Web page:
Also I don't get the people who say that Luke isn't a hero in this movie. The last scene explicitly shows how he is those kids' hero. Luke finally literally became a Skywalker when he comets across kids' heavens. He is now in the movie a bright light in darkness inspiring people, just like he is bright lights in a dark theater inspiring people in our world. It's good metafiction. Yum.

Michrider41

January 4th, 2018 at 9:35 AM ^

It is difficult to be invested when the team gives away games they should win.

I'm not a football coach and I didn't stay in a Holiday Inn last night, but if your OL can't block usually the coaches will call plays to mitigate the other teams rush.  Screen passes, slants, quick outs, mis-direction, etc.  This team did none of that.  

Njia

January 3rd, 2018 at 8:59 PM ^

My apologies for the following sentence, cleverly disguised as a paragraph:

With all due respect, Brian and Ace, if someone with no other exposure to the Michigan Football program listened to your critiques of the Offense, its staff, game management (or lack thereof), player development (or lack thereof), and general incompetence, that person would be hard-pressed to conclude, as you do, that next year will be better. Simply getting some RB/FBs, blocky-catchy TE types, and WRs back doesn't sound like the basis for a championship year. So much depends on the OL, and barring some major changes in either or both of the personnel and coaching staff, it's hard to imagine some magical improvement there.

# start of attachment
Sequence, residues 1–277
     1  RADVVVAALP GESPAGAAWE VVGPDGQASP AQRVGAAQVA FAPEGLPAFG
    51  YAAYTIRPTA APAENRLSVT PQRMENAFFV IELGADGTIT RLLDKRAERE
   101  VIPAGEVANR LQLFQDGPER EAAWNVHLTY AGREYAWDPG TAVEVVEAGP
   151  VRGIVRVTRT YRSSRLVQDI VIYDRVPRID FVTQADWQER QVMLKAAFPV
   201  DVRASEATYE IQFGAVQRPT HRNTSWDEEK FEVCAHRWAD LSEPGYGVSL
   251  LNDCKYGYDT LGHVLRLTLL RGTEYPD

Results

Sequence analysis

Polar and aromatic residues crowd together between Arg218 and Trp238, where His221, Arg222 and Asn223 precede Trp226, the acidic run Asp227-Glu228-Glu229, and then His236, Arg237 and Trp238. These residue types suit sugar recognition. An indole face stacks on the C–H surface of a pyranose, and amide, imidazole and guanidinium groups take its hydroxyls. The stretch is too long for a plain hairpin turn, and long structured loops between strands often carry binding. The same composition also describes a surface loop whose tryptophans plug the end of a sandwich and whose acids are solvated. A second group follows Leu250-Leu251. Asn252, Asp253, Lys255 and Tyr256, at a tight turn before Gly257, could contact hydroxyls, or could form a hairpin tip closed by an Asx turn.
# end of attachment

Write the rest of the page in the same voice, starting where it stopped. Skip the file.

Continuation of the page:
Njia

January 3rd, 2018 at 9:54 PM ^

I'm not sure what relevance the latter two have on next year's Michigan team. Andrew Luck was an incredible, experienced QB; and, barring some major rule of which I am not familiar, has used up all of his college eligibility. At best, Harbaugh has a choice between a QB who looked terrible in the bowl game, a guy who may or may not be eligible next year, and a cadre of others who haven't taken a snap.

Regarding the Super Bowl, that game is played by elite professionals who train, practice, plan, and execute at a level not found on any college team. Even the best college players don't have the luxury of devoting that kind of time to preparation. 

Finally, having "everyone back" and "Harbaugh" as the basis for assurance that "we will be better" carries just as much water as the term "regress to the mean." If the same offensive coaching staff and evident dysfunction return next year, "better" is unlikely to top 9-4.

bronxblue

January 4th, 2018 at 9:01 AM ^

Teams improve all the time due to physical maturation of its players; that's the entire premise of player development.  And while people around here love to hammer on the lack of player development at Michigan since the days of Gary Moeller, we have copious examples of that happening on this team over the years and it's safe to assume it will happen again.

Fans always complain about staff members and issues with parts of the team.  There will be attrition and changes to the staff, but it isn't unreasonable to assume a team that goes from having 2.5 starters from last year to many more will be better, issues at specific positions be damned.